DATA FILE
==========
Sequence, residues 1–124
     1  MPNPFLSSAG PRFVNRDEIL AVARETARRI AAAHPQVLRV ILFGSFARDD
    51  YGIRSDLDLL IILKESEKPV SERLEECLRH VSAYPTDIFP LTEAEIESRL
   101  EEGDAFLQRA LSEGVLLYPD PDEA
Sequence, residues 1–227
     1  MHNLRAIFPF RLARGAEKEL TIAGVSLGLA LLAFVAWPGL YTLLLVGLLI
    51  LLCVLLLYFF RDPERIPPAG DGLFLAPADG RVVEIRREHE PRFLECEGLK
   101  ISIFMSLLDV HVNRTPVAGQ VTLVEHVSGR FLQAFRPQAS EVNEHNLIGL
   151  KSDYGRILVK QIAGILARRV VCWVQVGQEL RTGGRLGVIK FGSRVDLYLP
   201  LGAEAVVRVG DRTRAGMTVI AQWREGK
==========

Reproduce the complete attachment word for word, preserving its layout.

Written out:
Sequence, residues 1–124
     1  MPNPFLSSAG PRFVNRDEIL AVARETARRI AAAHPQVLRV ILFGSFARDD
    51  YGIRSDLDLL IILKESEKPV SERLEECLRH VSAYPTDIFP LTEAEIESRL
   101  EEGDAFLQRA LSEGVLLYPD PDEA
Sequence, residues 1–227
     1  MHNLRAIFPF RLARGAEKEL TIAGVSLGLA LLAFVAWPGL YTLLLVGLLI
    51  LLCVLLLYFF RDPERIPPAG DGLFLAPADG RVVEIRREHE PRFLECEGLK
   101  ISIFMSLLDV HVNRTPVAGQ VTLVEHVSGR FLQAFRPQAS EVNEHNLIGL
   151  KSDYGRILVK QIAGILARRV VCWVQVGQEL RTGGRLGVIK FGSRVDLYLP
   201  LGAEAVVRVG DRTRAGMTVI AQWREGK